Territory of Papua, New Guinea
|Died||11 January 2009 (aged 69)|
|Resting place||Wainadoi, Fiji|
|Occupation||novelist, social anthropologist|
|Language||English, Tongan, Fijian|
|Education||PhD in Social Anthropology|
|Alma mater||Lelean Memorial School|
University of New England
Australian National University
|Genre||fiction, non-fiction, historical fiction, poetry, social, essays|
|Subject||modernisation, development. south pacific islanders|
|Notable works||Tales of the Tikongs, |
Mekeo: Inequality and ambivalence in a village society
|Children||Epeli Si'i Hau'ofa|
Epeli Hauʻofa (7 December 1939 – 11 January 2009) was a Tongan and Fijian writer and anthropologist born of Tongan missionary parents in the Territory of Papua. He lived and taught in Fiji at the University of the South Pacific. He was the founder of the Oceania Centre for Arts at the USP.
Hauʻofa was born of Tongan missionary parents working in Papua New Guinea. At his death, he was a citizen of Fiji, living in Wainadoi, Fiji. He went to school in Papua New Guinea, Tonga and Fiji (Lelean Memorial School), and attended the University of New England, Armidale, New South Wales; McGill University, Montreal; and the Australian National University, Canberra, where he gained a PHD in social anthropology, published in 1981 with the title Mekeo: inequality and ambivalence in a village society. He taught briefly at the University of Papua New Guinea, and was a research fellow at the University of the South Pacific in Suva, Fiji. From 1978 to 1981 he was Deputy Private Secretary to His Majesty the King of Tonga, serving as the keeper of palace records. During his time in Tonga, Hauʻofa co-produced the literary magazine Faikara with his wife Barbara. In early 1981 he re-joined the University of the South Pacific as the first director of the newly created Rural Development Centre based in Tonga.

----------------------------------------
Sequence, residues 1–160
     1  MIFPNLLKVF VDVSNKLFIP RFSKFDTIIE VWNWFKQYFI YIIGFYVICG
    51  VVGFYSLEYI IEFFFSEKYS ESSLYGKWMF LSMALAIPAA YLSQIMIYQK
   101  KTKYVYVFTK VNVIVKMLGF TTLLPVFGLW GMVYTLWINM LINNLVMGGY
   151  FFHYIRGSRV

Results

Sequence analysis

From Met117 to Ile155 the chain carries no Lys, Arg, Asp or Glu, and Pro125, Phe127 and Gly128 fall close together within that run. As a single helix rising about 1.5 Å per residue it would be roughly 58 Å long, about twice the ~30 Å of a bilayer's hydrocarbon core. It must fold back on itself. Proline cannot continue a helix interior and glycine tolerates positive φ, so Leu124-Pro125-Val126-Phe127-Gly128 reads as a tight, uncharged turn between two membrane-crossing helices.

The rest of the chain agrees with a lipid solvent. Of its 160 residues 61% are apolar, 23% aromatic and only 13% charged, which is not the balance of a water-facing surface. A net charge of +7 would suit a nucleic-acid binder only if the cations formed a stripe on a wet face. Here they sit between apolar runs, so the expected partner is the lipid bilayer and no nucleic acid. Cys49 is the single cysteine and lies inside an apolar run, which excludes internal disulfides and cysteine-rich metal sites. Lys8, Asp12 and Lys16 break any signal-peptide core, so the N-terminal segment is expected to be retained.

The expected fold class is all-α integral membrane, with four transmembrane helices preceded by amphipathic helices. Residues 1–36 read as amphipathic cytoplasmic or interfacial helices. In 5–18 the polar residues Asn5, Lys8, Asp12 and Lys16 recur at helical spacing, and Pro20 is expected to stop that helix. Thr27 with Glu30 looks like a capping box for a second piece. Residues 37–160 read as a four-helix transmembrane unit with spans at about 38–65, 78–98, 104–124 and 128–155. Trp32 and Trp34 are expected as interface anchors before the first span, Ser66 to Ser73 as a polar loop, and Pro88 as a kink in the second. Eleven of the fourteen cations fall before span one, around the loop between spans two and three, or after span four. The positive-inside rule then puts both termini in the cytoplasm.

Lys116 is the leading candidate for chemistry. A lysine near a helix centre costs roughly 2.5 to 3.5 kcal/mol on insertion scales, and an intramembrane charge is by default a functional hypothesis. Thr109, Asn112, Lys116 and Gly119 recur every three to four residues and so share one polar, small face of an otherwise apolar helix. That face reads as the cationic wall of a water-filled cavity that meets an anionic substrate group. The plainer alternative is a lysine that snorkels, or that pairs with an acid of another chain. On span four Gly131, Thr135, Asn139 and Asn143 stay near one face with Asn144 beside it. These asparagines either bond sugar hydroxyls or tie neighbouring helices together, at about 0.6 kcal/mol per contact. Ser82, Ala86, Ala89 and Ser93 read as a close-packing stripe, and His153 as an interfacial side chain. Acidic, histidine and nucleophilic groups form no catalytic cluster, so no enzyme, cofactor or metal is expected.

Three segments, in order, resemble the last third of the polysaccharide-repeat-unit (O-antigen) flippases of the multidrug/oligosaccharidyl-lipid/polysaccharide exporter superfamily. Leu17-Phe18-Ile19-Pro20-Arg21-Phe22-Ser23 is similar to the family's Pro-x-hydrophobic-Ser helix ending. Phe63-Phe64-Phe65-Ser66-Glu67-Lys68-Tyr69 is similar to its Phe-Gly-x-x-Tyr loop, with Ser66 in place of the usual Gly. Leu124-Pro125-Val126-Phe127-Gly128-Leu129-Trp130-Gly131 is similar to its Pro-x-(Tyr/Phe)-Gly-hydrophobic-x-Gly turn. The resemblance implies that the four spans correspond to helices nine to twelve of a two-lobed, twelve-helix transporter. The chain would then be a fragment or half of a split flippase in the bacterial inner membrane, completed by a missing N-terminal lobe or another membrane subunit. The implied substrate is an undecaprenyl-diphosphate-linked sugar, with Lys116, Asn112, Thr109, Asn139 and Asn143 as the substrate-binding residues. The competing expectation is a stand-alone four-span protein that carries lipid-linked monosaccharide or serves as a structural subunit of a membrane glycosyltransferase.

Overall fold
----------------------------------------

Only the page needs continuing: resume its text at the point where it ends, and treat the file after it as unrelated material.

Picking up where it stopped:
He subsequently taught sociology at the University of the South Pacific and, in 1983, he became Head of the Department of Sociology at the University's main campus in Suva. In 1997, Hauʻofa became the founder and director of the Oceania Centre for Arts and Culture at the USP in Suva.
He was the author of Mekeo: Inequality and ambivalence in a village society; Tales of the Tikongs, which deals (through fiction) with indigenous South Pacific Islander responses to the changes and challenges brought by modernisation and development; Kisses in the Nederends, a novel; and, more recently, We Are the Ocean, a selection of earlier works, including fiction, poetry and essays. Tales of the Tikongs was translated into Danish in 2002 by John Allan Pedersen (as Stillehavsfortællinger, ISBN 87-7514-076-4)
The BBC History magazine writes that Hauʻofa provided a "reconceptualisation of the Pacific": In his "influential essay Our Sea of Islands", he argued that Pacific Islanders "were connected rather than separated by the sea. Far from being sea-locked peoples marooned on coral or volcanic tips of land, islanders formed an oceanic community based on voyaging."
The essay Our Sea of Islands was published in A New Oceania : Rediscovering our Sea of Islands, co-ed by Hauʻofa, Vijay Naidu and Eric Waddell, published in 1993.
Hauʻofa died at the Suva Private Hospital in Suva at 7 AM on 11 January 2009 at the age of 70. He was survived by his wife, Barbara, and son, Epeli Si'i. A funeral service was held at the University of the South Pacific campus in Suva on 15 January 2009. He was buried at his residence in Wainadoi, Fiji.